Determining the best quality setting is a per-photo trial-and-error process. Dark colors against light colors at lower quality settings tend to look particularly bad at the edges. So, it is important to always adjust the quality to various places to finesse the best file size / quality ratio (or bang for the buck, if you will). I’ve also found that Photoshop outputs better looking JPEGs at a given quality than Gimpshop. So, if you have the option, try Photoshop.

Before you create the file, make sure your image is 72 DPI. You can do this by opening Image > Image Size in both Gimpshop and Photoshop. The resolution should be set to 72. If you are using Gimpshop, you get the odd choice of setting independent resolutions for X and Y. Make both 72. You may have to adjust your width and height after you change the DPI.

In Gimpshop, File > Save a Copy… and enter your filename with a .jpg extension. After you click Save, you will be presented with JPEG settings. Click the Show Preview in image window checkbox. Then adjust the slider until you get the best picture at the lowest file size (shown dynamically just below the slider). Under Advanced Options, turning on the Optimize checkbox will further shrink the file size. Turning off Progressive will make the file smaller, but will also make the image not appear progressively as it loads in the web browser. If the file size is already low, you may not need progressive. If it is larger, a few extra kilobytes may be worth it to pop the image content up sooner in an attempt to grab the viewers attention and keep them on your page. You’ll want to turn off the Save Thumbnail. The other options may yield subtle changes to your photo and may change the file size a little. You probably won’t need to change these from the default. Finally, click OK.

Design Graphics

The graphics that make up the design of the site are often sort of like photography and sort of like iconography. That is, they may have far more than 256 colors, but don’t show a photo. Also, these graphics tend to have drop shadows or transparency, which makes them a little more unique.

With one exception, optimizing design graphics is a trial and error between GIF / PNG and JPEG. Sometimes indexed color works best, and sometimes JPEG’s lossy compression works best. The bonus for design graphics is that you don’t have to wrestle with bang-for-the-buck as much. Due to the way browsers work, the images are cached (stored on the user’s computer) and aren’t downloaded every time the page loads. So, you can typically have a little bit heavier file sizes to make the page look better. Just don’t forget: the user still has to download the image, and long downloads irritate people.

The one exception is transparency, and that comes in two flavors: translucency and transparency. Translucency is usually referred to as alpha transparency or just alpha.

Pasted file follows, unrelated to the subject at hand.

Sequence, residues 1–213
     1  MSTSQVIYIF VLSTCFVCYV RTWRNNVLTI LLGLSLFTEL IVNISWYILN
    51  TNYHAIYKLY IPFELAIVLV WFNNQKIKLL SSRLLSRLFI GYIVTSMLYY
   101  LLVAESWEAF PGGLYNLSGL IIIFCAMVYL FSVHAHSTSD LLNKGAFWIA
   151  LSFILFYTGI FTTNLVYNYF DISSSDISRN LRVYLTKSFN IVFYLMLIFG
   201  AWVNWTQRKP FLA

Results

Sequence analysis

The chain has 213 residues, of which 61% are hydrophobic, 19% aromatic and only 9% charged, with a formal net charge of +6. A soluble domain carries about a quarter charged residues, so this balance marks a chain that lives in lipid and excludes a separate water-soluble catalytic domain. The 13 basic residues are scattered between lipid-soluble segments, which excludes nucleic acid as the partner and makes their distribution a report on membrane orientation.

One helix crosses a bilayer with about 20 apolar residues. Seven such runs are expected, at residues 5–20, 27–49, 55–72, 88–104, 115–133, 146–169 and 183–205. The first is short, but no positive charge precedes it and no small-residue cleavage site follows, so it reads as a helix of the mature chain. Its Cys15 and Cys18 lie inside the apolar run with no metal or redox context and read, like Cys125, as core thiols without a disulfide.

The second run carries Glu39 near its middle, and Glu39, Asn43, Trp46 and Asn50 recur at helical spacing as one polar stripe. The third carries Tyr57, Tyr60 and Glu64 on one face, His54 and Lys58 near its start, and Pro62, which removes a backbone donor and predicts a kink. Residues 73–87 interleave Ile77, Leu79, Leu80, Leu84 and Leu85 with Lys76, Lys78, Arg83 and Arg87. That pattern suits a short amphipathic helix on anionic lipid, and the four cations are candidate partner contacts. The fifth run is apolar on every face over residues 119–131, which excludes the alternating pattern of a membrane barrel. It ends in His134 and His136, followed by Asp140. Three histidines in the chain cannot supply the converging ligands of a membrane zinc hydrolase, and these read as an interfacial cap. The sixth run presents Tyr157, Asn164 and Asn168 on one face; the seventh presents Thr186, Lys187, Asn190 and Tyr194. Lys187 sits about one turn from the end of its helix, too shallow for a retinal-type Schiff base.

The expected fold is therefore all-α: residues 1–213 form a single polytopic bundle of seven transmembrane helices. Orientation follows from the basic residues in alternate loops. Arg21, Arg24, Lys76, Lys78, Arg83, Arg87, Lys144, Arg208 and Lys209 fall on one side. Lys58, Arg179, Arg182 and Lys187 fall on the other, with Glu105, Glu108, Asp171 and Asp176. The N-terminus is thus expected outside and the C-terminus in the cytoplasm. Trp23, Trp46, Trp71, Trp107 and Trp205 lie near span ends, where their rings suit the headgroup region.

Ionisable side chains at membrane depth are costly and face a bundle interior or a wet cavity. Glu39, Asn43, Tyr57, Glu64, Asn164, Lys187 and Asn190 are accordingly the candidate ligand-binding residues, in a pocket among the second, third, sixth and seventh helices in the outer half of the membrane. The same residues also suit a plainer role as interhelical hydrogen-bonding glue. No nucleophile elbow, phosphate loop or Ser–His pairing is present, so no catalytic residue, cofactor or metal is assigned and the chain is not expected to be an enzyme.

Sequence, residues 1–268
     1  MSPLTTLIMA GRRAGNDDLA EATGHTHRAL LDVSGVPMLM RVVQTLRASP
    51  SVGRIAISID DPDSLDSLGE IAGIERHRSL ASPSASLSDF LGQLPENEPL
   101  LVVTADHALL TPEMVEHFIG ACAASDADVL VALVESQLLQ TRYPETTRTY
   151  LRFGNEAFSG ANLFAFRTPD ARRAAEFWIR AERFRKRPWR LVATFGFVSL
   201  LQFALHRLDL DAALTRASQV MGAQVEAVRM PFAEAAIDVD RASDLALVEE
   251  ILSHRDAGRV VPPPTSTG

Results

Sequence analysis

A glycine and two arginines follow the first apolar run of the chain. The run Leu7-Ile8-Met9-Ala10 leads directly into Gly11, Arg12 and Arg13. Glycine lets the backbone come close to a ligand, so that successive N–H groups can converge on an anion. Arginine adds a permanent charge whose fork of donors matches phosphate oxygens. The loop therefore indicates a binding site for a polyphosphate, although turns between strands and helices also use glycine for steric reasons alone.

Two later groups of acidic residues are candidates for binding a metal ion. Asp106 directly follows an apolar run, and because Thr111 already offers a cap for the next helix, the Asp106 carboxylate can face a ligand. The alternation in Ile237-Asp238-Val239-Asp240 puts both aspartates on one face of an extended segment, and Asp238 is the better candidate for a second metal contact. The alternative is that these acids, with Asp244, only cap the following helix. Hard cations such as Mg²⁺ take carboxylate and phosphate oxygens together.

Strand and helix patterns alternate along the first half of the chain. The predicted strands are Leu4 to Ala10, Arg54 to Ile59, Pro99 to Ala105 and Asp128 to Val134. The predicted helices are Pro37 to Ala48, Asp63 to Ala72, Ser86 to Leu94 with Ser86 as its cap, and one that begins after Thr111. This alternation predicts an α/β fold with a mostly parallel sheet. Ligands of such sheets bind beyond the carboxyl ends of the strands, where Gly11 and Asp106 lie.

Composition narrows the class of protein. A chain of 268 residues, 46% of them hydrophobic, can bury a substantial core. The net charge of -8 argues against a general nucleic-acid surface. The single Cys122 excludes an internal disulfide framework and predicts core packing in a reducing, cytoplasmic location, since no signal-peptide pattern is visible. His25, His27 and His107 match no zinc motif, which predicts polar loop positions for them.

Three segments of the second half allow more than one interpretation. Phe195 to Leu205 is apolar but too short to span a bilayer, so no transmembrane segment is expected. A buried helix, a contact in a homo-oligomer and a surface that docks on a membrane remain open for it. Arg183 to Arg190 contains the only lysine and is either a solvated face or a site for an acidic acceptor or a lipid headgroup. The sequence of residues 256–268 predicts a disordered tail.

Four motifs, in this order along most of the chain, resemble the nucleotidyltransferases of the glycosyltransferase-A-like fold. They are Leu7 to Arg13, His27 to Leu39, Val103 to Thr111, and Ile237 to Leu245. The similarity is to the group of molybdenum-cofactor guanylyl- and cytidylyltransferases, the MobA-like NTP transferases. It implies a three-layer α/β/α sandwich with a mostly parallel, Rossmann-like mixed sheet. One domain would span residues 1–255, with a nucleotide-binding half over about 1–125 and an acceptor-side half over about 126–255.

If you need an area to be fully transparent, GIF or PNG will work in the indexed mode. Follow the directions above for line art (even if it isn’t technically line art by my definition).

Things like drop shadows or antialiased edges (rounded corners, for example), however, need to be full-color (or 24-bit) PNG in order to take advantage of alpha transparency. You’ll notice if you have antialiased edges and you use an indexed PNG or GIF, your edges will be jaggy and/or you’ll have to specify a matte color. Mattes are problematic if your background color isn’t solid, as the matte may not match the color of the background. In this case, you’ll want to use 24-bit PNG. 24-bit PNGs tend to be much bigger. You may want to manually index the image or use tools such as PNGCrush.

Saving alpha PNGs differs from saving indexed PNGs in that you simply don’t index the colors before exporting. Simply File > Save a Copy… with the .png extension. If you are using Photoshop, you must select the PNG 24 option in the Save For Web dialog. Once it’s saved, drop it on PNGCrush to remove any unneeded data.

One final note about design graphics is that PNGs can store additional information about an image to specify a color space (called gamma) that can cause the colors in the image to be different than identical color values in a browser. If you are using Gimpshop, you should be able to uncheck the Save gamma option to prevent this problem. Also, if you use PNGCrush, these values should be removed automatically. Since the gamma debacle is a big topic by itself, you can see how other people remove them or read the number one article in Google at the time of this writing.

You’re Done

That is the short version of exporting graphics for the web. If you find that clarification is needed or that I missed something, please leave a comment below or e-mail me from my contact form and I’ll do my best to answer your questions.